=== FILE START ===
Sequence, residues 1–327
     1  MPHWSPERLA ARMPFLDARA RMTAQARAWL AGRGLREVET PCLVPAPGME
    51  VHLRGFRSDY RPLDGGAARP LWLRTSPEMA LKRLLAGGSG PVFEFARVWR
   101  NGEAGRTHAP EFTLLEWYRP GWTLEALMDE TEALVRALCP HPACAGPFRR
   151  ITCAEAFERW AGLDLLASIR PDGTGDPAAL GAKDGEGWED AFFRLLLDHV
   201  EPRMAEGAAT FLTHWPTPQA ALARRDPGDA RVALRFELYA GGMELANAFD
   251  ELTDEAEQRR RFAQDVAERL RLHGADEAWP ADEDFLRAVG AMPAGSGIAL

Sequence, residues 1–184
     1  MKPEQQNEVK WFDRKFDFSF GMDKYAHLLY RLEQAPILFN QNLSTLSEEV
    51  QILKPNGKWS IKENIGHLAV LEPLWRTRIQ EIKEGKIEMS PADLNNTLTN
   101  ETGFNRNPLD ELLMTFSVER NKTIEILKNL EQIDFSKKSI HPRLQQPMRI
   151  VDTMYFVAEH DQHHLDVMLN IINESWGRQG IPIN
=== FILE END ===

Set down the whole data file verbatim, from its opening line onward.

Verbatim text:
Sequence, residues 1–327
     1  MPHWSPERLA ARMPFLDARA RMTAQARAWL AGRGLREVET PCLVPAPGME
    51  VHLRGFRSDY RPLDGGAARP LWLRTSPEMA LKRLLAGGSG PVFEFARVWR
   101  NGEAGRTHAP EFTLLEWYRP GWTLEALMDE TEALVRALCP HPACAGPFRR
   151  ITCAEAFERW AGLDLLASIR PDGTGDPAAL GAKDGEGWED AFFRLLLDHV
   201  EPRMAEGAAT FLTHWPTPQA ALARRDPGDA RVALRFELYA GGMELANAFD
   251  ELTDEAEQRR RFAQDVAERL RLHGADEAWP ADEDFLRAVG AMPAGSGIAL

Sequence, residues 1–184
     1  MKPEQQNEVK WFDRKFDFSF GMDKYAHLLY RLEQAPILFN QNLSTLSEEV
    51  QILKPNGKWS IKENIGHLAV LEPLWRTRIQ EIKEGKIEMS PADLNNTLTN
   101  ETGFNRNPLD ELLMTFSVER NKTIEILKNL EQIDFSKKSI HPRLQQPMRI
   151  VDTMYFVAEH DQHHLDVMLN IINESWGRQG IPIN